Indoor lighting has changed a lot over the decades, but recessed lighting has stood the test of time as an inexpensive lighting option that provides versatility in design. Using the recessed lighting in your home to its best advantage means coming up with a lighting layout design that will provide the most light possible in the areas where it is most needed.
Spacing Lights for the Best Effect
Understanding how recessed lighting spreads its light is integral to coming up with a design. Figure out how far the lights really spread the light. It may be 5 feet and it may be 8 or 9 feet. However large the diameter of effective light is, that will determine the spacing the lighting needs in order to be most effective.
Another thing to keep in mind anytime you are planning a lighting layout design is to think about what the area will be used for. If a lot of reading will need to be done in the room, the recessed lights should be closer together.
For bathrooms and kitchens, most people want a bright light that will allow them to see as well as possible. Home offices also need bright lighting.
For a living room or dining room, there may not be as much need for bright overhead lighting. Living rooms, like bedrooms, may not rely on the recessed lighting to provide most of the light. If there are table lamps or floor lamps that are frequently in use in any given room, that room probably doesn’t need as many recessed lights as a room that depends exclusively on the overhead lighting.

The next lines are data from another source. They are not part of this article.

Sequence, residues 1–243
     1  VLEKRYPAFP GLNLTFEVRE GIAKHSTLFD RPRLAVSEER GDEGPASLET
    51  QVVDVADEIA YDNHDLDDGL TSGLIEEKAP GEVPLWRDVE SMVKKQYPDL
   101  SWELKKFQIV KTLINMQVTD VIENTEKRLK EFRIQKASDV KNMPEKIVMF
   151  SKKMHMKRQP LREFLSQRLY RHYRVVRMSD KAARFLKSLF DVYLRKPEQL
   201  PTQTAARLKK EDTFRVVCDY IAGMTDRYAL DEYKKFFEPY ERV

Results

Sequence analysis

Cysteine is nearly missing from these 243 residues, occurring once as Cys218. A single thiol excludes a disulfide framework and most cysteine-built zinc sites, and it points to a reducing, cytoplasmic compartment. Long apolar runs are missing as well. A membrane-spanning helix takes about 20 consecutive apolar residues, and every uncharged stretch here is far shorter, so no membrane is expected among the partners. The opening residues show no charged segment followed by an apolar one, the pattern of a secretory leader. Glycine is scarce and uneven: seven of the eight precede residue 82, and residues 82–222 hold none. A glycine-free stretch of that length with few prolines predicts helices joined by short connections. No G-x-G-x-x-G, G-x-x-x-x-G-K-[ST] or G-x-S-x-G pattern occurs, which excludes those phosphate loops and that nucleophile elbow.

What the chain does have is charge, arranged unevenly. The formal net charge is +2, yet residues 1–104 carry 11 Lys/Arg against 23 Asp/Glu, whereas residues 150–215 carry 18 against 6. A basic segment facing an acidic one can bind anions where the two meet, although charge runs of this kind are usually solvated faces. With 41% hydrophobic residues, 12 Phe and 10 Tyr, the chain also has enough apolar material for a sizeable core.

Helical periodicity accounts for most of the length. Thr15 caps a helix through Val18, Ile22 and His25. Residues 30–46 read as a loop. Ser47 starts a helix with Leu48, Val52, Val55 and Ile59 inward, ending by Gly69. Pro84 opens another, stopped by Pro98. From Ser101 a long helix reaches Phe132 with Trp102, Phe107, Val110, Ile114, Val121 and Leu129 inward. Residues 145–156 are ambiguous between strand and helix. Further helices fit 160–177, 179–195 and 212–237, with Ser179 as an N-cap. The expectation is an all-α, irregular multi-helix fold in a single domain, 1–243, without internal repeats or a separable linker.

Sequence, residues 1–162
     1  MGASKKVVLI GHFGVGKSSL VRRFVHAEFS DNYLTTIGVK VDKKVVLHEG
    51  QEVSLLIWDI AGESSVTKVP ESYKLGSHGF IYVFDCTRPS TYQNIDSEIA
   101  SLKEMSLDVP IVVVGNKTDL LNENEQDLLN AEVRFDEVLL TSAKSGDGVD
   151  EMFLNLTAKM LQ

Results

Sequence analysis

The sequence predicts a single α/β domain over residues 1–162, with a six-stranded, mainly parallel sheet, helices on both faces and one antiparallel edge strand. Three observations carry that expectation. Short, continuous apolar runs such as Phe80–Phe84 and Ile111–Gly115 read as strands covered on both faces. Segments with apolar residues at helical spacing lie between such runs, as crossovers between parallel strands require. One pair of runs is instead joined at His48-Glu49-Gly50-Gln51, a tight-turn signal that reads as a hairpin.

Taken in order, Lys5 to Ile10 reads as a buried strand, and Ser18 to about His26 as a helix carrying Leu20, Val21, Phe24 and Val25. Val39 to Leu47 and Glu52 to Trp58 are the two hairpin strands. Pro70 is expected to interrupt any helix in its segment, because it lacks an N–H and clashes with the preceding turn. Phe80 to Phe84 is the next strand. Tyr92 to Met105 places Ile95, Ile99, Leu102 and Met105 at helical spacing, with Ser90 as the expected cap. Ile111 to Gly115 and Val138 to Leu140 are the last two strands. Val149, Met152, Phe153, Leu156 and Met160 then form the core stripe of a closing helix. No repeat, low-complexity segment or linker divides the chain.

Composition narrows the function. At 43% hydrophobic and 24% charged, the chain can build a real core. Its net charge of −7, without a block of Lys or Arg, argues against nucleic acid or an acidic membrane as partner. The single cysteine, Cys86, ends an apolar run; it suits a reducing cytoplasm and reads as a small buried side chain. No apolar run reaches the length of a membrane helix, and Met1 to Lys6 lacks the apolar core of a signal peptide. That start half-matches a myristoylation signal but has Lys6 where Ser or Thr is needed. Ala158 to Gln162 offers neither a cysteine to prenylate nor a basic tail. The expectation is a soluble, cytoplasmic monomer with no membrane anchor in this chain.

For rooms that don’t require bright reading or working light, spacing the recessed lights about 8 or 9 feet apart is enough to provide adequate lighting. For rooms where overhead lighting is extremely important to the function of the room, the lights may be spaced 5 or 6 feet apart. This recessed lighting layout design is not set in stone, but it is a good guideline for most recessed lighting.
Working with the Architecture
The walls of any room that is being outfitted with new recessed lighting are important considerations in the placement of the lights. One factor is the height of the walls. If the ceiling is very high, 10 feet or more, the lighting may need to be spaced closer to each other to provide better light far away from the ceiling.
If the ceiling is high and the room will need a lot of light regularly, then placing the recessed lights 4 or 5 feet apart will help the lights compensate for the distance.
The walls should also be taken into account when the recessed lighting is being laid out. The walls should not have the lights installed too far away from them. Start your lighting pattern at the walls and then work away from them to figure the exact spacing you will need.
The walls do not have to have brighter light than the rest of the room, but they do need to be worked into the plan so that the areas around the walls are not dark. Along the walls are prime areas for couches and chairs to be placed, putting the occupants of the room near the wall and in need of light.